The requirement to acquire a high-resolution bathymetry dataset along the interconnector route was achieved by utilising the NORBIT iWBMS dual head multibeam system mobilised onto the d’ROP along with the SBI. This provided a high-resolution data set centered over the cable route but reduced coverage to a +/-12.5m corridor.

Inshore Depth of Burial Operations

Following completion of the offshore depth of burial operations, the SBI was demobilised from the d’ROP and transferred to Proteus. The SBI was converted to the shallow water assembly used for towing and floating in shallow water. In water depths of between 10 and 3.5 m this would be performed by towing the SBI subsea, the optimum flying height was maintained throughout survey operations by manual winch operations. In water depths of less than 3.5m the SBI was towed with floatation buoys were attached to the SBI for the shallow water depths to enable the SBI to be surface towed. The unit was towed to ensure the source and receiver were just below the water surface.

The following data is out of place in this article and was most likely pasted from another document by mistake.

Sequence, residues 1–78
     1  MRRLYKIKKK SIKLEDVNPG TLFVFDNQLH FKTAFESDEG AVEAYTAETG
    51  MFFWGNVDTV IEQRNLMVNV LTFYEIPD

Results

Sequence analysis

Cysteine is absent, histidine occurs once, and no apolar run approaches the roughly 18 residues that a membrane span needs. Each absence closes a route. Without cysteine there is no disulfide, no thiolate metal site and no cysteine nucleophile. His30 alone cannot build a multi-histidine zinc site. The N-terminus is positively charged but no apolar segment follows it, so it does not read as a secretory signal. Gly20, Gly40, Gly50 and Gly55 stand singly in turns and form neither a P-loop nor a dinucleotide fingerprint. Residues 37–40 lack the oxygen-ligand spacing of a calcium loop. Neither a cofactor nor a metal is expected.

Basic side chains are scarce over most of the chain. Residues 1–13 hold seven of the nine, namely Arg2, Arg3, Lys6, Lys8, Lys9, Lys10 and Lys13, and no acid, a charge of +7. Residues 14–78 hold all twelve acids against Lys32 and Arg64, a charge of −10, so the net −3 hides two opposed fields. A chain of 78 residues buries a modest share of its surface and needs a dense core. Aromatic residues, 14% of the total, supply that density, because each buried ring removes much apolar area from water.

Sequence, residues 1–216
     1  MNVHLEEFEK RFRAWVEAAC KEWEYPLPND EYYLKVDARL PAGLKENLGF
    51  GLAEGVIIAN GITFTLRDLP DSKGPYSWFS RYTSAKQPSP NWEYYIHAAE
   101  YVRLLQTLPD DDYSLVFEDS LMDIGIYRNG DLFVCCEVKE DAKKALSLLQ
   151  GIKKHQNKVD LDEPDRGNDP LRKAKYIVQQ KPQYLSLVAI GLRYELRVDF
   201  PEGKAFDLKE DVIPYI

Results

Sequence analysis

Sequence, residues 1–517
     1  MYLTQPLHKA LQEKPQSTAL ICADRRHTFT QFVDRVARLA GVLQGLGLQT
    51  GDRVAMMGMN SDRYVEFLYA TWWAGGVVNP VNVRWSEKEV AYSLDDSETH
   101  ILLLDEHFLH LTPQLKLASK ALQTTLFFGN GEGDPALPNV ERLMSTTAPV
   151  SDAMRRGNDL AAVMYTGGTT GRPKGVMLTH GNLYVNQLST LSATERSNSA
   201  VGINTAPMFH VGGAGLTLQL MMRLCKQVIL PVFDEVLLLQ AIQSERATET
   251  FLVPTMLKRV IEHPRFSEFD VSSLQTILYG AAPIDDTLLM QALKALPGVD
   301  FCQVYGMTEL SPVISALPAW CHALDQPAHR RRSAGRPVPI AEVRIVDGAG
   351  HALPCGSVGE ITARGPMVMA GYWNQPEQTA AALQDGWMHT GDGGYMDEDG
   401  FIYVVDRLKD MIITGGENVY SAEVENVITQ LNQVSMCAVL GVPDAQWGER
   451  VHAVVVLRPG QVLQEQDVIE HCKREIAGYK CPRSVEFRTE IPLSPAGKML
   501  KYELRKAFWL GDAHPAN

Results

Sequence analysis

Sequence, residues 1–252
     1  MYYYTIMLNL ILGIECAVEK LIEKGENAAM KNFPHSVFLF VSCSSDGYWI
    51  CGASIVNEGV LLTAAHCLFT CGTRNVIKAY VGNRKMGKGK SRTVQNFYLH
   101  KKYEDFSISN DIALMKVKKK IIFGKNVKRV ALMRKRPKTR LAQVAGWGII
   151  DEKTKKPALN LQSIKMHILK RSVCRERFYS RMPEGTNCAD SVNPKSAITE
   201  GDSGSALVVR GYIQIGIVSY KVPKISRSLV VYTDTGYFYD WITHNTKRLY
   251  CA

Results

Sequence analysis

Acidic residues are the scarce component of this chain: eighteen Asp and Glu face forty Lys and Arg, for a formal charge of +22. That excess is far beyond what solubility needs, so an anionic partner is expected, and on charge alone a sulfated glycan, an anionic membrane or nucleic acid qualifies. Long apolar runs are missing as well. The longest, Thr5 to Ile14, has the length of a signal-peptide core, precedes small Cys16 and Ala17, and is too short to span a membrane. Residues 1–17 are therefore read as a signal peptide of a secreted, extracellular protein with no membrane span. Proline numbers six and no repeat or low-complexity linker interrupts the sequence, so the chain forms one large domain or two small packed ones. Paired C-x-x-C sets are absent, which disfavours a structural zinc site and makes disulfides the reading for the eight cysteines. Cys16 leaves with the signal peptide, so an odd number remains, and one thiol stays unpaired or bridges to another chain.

Depth of burial operations were successfully carried out in the inshore sections over distances of 2km at the UK sector and 1km over the Dutch sector.  

Subsea towed operation
Surface towed operation

Related Pages: Bibby Athena Proteus Subsea Cable Survey and Inspection

Spec Sheets: Bibby Athena Proteus